Skeptical Raptor's Blog hunting pseudoscience in the internet jungle

Supplements to treat the common cold–myth vs science


cold-cureIt’s getting colder outside, and if you go into any pharmacy, grocery store, chemist, or superstore, you will find literally a dozen or more homeopathic, herbal, or other unproven lotions and potions to prevent or treat the common cold, or rhinovirus. These supplements are a significant part of the annual US$108 billion dollar supplement/nutraceutical industry. 

These alternative medicine (so named because there is no scientific evidence supporting their efficacy, let alone safety) products make claims that are so wonderful, many people take them. Then they themselves tell their friends how fast they got rid of their cold. Or that their cold wasn’t as bad after taking the supplement.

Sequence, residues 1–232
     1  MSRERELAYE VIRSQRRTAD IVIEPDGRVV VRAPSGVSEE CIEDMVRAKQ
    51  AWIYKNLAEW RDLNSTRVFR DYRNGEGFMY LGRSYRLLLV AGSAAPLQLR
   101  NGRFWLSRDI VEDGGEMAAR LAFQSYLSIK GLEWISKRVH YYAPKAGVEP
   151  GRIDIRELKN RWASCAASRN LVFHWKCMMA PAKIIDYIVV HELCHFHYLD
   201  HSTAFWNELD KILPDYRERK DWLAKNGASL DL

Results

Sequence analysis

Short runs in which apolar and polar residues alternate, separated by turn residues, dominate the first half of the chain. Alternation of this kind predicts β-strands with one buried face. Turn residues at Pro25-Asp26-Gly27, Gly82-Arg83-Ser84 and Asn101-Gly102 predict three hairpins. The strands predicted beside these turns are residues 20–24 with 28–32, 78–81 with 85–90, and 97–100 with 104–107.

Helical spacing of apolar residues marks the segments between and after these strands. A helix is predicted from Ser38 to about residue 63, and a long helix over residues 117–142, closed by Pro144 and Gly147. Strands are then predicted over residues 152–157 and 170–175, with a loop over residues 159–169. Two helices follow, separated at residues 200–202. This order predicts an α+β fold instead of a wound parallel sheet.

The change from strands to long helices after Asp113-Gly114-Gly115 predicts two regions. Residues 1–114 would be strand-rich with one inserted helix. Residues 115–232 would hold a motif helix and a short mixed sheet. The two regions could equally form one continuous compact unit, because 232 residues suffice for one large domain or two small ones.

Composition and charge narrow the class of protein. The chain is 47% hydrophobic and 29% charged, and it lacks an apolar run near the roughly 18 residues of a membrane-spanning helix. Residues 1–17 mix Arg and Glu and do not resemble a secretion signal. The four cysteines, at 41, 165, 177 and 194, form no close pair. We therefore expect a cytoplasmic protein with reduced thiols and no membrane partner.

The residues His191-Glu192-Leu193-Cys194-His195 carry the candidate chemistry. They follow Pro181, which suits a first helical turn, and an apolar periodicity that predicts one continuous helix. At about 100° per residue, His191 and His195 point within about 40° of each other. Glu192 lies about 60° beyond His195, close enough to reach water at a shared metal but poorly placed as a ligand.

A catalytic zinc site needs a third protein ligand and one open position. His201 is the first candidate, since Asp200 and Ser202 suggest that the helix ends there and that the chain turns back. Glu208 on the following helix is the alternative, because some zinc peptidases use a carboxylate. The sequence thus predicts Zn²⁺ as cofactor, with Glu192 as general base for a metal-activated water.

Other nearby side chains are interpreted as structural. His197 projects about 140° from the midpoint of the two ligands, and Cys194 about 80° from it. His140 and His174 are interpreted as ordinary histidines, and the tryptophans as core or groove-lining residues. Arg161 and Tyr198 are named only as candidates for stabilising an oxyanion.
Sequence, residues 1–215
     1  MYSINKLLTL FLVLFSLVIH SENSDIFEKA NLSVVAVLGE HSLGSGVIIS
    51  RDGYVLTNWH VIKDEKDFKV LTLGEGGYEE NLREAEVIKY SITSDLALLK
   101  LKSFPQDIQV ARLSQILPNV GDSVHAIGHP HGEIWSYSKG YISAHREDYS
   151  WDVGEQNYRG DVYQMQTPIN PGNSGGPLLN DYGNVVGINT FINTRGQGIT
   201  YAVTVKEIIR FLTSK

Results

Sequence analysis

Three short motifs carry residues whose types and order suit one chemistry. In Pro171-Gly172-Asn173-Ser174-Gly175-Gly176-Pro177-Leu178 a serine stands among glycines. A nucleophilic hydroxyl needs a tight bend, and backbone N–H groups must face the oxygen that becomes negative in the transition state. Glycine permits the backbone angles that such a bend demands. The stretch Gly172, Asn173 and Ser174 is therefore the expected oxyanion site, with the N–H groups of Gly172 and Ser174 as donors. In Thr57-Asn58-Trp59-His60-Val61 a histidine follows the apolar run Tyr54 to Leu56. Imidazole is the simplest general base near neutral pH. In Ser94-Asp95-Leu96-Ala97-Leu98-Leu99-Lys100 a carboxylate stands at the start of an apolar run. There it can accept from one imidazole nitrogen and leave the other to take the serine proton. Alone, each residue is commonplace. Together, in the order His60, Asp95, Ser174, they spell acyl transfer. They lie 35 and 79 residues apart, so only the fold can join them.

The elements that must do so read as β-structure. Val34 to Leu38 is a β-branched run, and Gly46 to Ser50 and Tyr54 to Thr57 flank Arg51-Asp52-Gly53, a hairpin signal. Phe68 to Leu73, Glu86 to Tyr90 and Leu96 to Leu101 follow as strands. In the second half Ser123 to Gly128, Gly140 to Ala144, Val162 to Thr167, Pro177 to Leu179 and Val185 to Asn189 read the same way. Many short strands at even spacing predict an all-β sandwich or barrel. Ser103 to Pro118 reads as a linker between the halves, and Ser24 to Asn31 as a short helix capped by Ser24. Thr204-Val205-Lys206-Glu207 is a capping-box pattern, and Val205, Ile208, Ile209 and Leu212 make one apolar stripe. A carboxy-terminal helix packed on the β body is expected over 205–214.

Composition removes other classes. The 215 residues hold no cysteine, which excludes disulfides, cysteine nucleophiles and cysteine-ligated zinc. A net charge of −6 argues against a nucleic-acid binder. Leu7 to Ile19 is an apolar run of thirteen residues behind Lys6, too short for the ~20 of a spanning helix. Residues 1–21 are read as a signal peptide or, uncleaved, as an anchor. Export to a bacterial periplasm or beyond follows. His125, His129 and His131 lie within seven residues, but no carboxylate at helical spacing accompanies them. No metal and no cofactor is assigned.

The problem is that determine the length and severity of the course of the common cold is entirely subjective. Since the disease is rather mild with few serious complications, it’s hard to determine when it exactly stopped and started, and how bad it was.  The common cold tends to resolve itself without external help, but there really isn’t much you can do to make your immune system attack that cold faster.

 

Below are some of the most common and well-known cold treatments (there isn’t enough time to review them all), along with what real science says about them in high quality systematic reviews in Cochrane reviews and other high impact medical journals:

Echinacea. Here’s a systematic review in the Cochrane Reviews that concluded: “Beneficial effects of other Echinacea preparations, and Echinacea used for preventative purposes might exist but have not been shown in independently replicated, rigorous RCTs (randomized controlled trials.” Here’s a study in the very high-impact in the New England Journal of Medicine that concluded: “The results of this study indicate that extracts of E. angustifolia root, either alone or in combination, do not have clinically significant effects on infection with a rhinovirus or on the clinical illness that results from it.” So no clinical evidence has been found to support use of the herb in preventing or treating the common cold.